All the guides here are locals that have lived in the area pretty much all their lives. There’s so much to learn, see and do in this park. It’s quite an adventure – short hikes down canyons, cave exploring, waterfalls, dinosaur tracks, and stunning landscapes. Just amazing.


land 1


9. FESTIVALS, HOLIDAYS, AND LOCAL CUSTOMS: From Carnaval to City Anniversaries

Gain a better understanding of a country’s traditions, values, and history by taking part in some exhilarating parades and triumphant music. If you’re a party person, these festivities are sometimes accompanied by lots of after-hours drinking, dancing, and hedonistic behaviors too. If a city is having an anniversary (you can tell when it was founded by the dates in a particular city’s street names), check out those festivals too. On a more subtle level, (respectfully) learning about and engaging in spiritual or cultural practices can also be transformative and grounding.

carnaval uyuni parade



Last but not least: I don’t know about other folks, but when I travel two of my main goals are to learn about life and make friends in other countries. These moments are oftentimes the most life-changing and meaningful parts of traveling. I’ve had some amazing conversations – both short and long – with my tour guides, friends of friends, my taxi drivers, strangers, etc. Get to know people’s stories, learn about a region’s history, and gain a better understanding of a country’s social issues and politics. Supporting a good local NGO is a great way to do this while making a positive contribution to a local community (just be mindful about the fact you’re mostly there to give, not take). It’s these moments and experiences that sometimes allow us to make some profound realizations and put our own life into perspective, too.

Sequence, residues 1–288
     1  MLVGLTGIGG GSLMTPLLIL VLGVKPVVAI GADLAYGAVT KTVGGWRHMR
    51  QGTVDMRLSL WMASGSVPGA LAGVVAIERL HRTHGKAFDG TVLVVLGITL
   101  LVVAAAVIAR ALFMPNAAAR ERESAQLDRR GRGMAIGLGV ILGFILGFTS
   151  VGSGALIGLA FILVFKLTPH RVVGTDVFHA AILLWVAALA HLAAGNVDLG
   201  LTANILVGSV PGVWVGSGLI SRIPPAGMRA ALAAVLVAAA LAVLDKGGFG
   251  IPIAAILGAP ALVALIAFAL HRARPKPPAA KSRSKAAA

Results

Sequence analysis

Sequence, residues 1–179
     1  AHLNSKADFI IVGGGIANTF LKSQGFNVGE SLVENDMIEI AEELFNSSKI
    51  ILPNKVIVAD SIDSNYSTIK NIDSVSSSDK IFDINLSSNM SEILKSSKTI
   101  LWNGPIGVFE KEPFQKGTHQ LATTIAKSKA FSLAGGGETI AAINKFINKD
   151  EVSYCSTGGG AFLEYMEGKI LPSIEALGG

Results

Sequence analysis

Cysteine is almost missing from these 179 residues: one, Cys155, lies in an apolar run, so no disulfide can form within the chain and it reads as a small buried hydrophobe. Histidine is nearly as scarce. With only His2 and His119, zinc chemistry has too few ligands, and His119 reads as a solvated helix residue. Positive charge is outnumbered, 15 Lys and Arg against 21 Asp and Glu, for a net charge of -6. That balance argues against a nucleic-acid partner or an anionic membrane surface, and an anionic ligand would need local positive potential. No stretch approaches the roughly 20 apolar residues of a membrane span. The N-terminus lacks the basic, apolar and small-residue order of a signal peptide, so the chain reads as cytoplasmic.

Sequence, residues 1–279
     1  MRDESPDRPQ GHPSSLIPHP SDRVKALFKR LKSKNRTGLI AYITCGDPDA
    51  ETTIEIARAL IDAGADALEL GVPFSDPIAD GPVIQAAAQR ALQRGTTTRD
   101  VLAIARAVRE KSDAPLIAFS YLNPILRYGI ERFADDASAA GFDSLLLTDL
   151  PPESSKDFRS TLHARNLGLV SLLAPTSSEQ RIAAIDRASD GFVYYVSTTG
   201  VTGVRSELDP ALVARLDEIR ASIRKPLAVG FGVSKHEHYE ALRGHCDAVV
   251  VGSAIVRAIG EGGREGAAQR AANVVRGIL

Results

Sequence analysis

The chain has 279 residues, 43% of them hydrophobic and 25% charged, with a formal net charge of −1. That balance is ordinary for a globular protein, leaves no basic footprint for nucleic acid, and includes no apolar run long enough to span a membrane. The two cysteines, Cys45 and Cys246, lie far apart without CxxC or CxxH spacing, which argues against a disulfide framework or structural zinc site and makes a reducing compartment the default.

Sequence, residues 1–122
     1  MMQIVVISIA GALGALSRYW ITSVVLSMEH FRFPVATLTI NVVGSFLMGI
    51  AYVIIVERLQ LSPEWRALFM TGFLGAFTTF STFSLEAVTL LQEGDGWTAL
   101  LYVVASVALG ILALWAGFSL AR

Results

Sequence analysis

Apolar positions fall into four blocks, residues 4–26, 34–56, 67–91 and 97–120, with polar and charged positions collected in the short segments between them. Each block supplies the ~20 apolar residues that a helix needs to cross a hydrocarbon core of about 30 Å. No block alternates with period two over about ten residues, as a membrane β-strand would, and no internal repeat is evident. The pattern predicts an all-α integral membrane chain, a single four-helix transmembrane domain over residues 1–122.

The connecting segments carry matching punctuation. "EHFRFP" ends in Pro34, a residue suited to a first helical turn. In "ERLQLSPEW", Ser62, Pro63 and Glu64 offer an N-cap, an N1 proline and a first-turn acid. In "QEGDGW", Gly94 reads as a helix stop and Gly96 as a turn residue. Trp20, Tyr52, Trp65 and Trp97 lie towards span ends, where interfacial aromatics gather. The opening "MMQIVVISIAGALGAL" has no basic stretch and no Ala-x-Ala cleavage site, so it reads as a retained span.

Hostal Santa Ana in Rurrenabaque (and the local restaurant down the street); Hotel Copacabana on Illampu St. in La Paz (confusing, I know); La Torre – Tupiza Tours & Juan Carlos and his mama  (for the Salar de Uyuni); Alex and Cabana Las Lilas hostel in Tiquipaya / Cochabamba; Hostel Amigo in Sucre; Climbing Sucre / Carlos – my amazing tour guide; La Magia de Uyuni – one of the few decent places to stay in Uyuni; Marcela, Neyda, and all the great folks in Cochabamba; and all the dope people I met on my travels throughout Bolivia.

And to all the homies back in the States that gave me great recommendations/connections/hook-ups: Angelica, Vivianna, and Katina – Thank you and much gratitude!